Flat White

We can still have a V-shaped corona recovery. Here’s how

11 August 2020

1:00 PM

11 August 2020

1:00 PM

The shutdown in Victoria is devastating the state economy retarding the national recovery.   

The data on which a picture actual downturn and longer-term national costs is confusing.   

Measured GDP has seen a reduction of only 2.75 per cent.  But this is largely a consumption-based measure and has been underpinned by JobKeeper/JobSeeker payments that represent borrowing from the future. Such payments unsupported by production cannot continue for long in spite of the hopes of Modern Monetary Theory supporters and the illusions of leftists who think the economy produces irrespective of government measures. 

A better measure of reduced output is the number of hours worked, which are down 9.4 per cent.  This is imperfect because, on the one hand, largely unproductive public sector employees have been unaffected and, on the other hand, so also have the most productive jobs in mining, agriculture, processing industries, telecommunications and finance.   

In terms of costs that have been imposed, government supporting actions will have increased debt by some $330 billion.  The average Australian now has $13,000 more debt to service.   

We have seen losses in vacations not taken, sports not watched or played, restaurant meals not eaten, nails not manicured – all the things that Dan Andrews tells us we don’t need to do.  These are irretrievable losses in the pleasure we would otherwise have experienced.    

Major longer term permanent economic impairments can still be averted. Economies, if left to mend, can recover from disasters relatively quickly.  

One analogue to the present situation is that following a destructive war.  After World War II the US and Australia, which had seen huge economic dislocation but little damage to productive capacity, recovered very quickly.  Even Japan, which saw its national income fall by 40 per cent 1940-1945 and its industry pulverised, started a rapid recovery in 1946 and surpassed its pre-war GDP within 10 years.  

Similarly, Eastern Europe and China have rebounded from the economic distortion that decades of Communism created  

At present, Australia has seen no fundamental loss of productive capacity or basic skills.  Structural demand changes will bring some misaligned resources (international tourism, higher education, perhaps office buildings) and many businesses face financial ruin.  And although there will be future losses resulting from deferment of asset replacement, no facilities have been forcibly scrapped.  This may still happen if the crisis continues – electricity plant and energy-intensive manufacturing is especially vulnerable.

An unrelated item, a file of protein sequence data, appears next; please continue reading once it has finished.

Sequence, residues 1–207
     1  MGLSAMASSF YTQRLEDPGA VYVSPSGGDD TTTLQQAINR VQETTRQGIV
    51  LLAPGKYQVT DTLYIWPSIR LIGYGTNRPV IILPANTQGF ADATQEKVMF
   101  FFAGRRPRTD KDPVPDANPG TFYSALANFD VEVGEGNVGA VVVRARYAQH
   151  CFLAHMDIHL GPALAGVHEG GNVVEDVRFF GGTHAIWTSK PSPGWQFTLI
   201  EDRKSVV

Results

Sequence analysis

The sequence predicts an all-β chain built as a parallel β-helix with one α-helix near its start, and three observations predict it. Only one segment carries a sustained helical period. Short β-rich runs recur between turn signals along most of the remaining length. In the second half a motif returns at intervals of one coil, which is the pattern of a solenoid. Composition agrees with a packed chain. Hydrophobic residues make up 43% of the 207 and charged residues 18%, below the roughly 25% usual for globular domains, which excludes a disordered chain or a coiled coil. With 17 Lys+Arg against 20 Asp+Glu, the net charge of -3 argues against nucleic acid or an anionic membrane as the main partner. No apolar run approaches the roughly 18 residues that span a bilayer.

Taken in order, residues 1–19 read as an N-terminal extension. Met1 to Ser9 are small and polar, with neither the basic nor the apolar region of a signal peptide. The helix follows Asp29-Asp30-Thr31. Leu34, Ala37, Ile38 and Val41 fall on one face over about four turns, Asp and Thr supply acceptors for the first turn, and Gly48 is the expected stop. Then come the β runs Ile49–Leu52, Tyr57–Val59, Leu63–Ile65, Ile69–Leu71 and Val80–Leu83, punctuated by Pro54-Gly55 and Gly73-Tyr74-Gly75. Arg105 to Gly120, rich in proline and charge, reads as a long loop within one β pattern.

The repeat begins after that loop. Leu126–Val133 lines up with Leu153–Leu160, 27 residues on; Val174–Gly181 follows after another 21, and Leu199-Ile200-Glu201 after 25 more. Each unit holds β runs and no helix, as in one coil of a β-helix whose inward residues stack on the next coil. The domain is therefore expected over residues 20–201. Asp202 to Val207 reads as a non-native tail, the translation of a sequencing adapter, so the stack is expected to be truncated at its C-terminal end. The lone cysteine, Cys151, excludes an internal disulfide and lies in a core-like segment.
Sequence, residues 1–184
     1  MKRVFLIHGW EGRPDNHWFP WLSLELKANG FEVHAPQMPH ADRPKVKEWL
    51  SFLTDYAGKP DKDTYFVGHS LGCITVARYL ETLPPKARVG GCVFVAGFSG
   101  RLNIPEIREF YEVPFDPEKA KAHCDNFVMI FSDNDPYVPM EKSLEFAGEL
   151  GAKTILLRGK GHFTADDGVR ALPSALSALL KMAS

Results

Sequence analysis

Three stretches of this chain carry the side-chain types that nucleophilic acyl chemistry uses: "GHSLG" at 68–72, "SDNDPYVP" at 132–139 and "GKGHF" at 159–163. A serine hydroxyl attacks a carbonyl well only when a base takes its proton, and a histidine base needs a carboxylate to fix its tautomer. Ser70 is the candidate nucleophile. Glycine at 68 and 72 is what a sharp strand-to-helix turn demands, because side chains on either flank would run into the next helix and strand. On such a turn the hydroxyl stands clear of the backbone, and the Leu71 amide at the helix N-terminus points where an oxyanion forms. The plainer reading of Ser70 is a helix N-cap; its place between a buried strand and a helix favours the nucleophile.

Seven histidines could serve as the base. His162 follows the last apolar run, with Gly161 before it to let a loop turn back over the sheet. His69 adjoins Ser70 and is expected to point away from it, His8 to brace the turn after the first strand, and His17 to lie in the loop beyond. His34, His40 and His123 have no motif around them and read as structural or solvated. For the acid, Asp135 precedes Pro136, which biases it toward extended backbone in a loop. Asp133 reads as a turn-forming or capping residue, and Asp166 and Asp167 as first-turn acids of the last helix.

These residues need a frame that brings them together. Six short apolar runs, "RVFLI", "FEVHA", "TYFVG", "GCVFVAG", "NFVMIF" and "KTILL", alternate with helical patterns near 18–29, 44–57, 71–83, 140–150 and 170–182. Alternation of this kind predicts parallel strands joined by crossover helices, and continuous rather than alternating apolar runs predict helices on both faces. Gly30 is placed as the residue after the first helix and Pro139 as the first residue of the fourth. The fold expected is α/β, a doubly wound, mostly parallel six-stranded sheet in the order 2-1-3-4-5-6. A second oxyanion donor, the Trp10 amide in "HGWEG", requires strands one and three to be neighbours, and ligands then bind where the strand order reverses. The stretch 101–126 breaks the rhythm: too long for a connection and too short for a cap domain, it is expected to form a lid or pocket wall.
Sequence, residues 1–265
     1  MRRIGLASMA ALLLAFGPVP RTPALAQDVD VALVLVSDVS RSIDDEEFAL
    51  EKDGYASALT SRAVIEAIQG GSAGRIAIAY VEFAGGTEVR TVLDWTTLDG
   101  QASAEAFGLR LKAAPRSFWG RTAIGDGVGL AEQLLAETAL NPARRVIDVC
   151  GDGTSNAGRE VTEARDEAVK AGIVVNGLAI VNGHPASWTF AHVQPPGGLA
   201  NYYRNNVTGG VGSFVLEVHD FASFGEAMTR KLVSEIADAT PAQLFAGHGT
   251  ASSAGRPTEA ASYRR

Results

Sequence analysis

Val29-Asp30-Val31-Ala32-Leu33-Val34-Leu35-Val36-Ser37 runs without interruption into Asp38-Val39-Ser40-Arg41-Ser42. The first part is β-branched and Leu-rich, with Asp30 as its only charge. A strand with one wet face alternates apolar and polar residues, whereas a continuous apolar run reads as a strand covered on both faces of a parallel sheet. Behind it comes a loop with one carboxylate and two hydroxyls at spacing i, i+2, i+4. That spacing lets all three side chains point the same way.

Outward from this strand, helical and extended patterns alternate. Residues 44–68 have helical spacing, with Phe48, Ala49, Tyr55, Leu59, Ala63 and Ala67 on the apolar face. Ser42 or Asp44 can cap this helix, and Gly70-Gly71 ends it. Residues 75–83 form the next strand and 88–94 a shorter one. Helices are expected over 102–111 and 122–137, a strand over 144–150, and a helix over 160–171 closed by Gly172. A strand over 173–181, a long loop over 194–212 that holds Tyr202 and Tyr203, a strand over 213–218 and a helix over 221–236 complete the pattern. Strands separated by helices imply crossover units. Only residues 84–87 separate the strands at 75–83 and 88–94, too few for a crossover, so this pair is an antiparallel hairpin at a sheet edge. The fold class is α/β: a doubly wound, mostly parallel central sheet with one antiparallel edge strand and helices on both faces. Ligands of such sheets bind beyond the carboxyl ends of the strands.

Much of the closure to date has been in service industries like retail and personal services.  Perhaps under new owners, dormant industries can be followed by a quick rebound – indeed, Harvey Norman’s experience overseas in European and South-East Asian economies that closed then reopened was that consumers and businesses sprang back to life within a few weeks. 

This lends tends to support a V-shaped recovery along the lines of the RBA baseline scenario, which sees output falling by 6 per cent over 2020 and then growing by 5 per cent over the following year. That would see the unemployment rate two per cent above the standard expected to decline gradually to around 7 per cent.  Though the RBA’s estimated output loss was optimistic even before the Victorian shutdown, the trajectory is achievable.   

But previous rapid rebounds occurred in economies that were more flexible than modern-day Australia because people were forced into self-reliance with little cushioning from government payments.  One obstacle to such flexibility in 2020 Australia is the dole payments amplified by JobSeeker.  If there is an alternative to taking an unpreferred job, we will see structural unemployment and a sluggish recovery.  This outcome is already foreshadowed in reports emerging of job vacancies being unfilled in areas like fruit picking.   

Additional barriers to rapid recovery would be created by other government interventions. Former Dow Chairman, Andrew Liveris at the Government’s National COVID-19 Coordination Commission is pushing his perennial elixir of subsidising domestic industry through requiring gas producers to supply energy and feedstock at a discounted price.  He is also promoting a carbon tax (nowadays referred to as a “carbon price mechanism”).  That advocacy, along with massive new spending on unnecessary transmission lines, is shared by Liberal green MP Trent Zimmerman and resonates with Treasury and other key advisory voices that also see merit in policies based on the failed economics of Keynesian stimuliIn shutting down supply Treasury thought the stimuli would counteract this. It didn’t; it never does. When economies are re-opened to suppliers they recover quickly if unimpeded by regulatory measures 

Recovery would be faster if the crisis became a catalyst for removing regulation.  Areas that have arrested Australia’s economic advancement are particularly evident in green tape, industrial relations and in the renewable energy regulations that have transformed our electricity and gas from world cheapest to world dearest.  In addition, cost paring should be put in place in the public service and in public corporations.  Cost-padding impedes economic resurgence and we might even take a leaf out Uruguay’s book and place a temporary 20% tax increase on other than lower-paid public officials’ salaries. 

Alan Moran is with Regulation Economics. His latest book is Climate Change: Treaties and Policies in the Trump Era. 

Got something to add? Join the discussion and comment below.

Show comments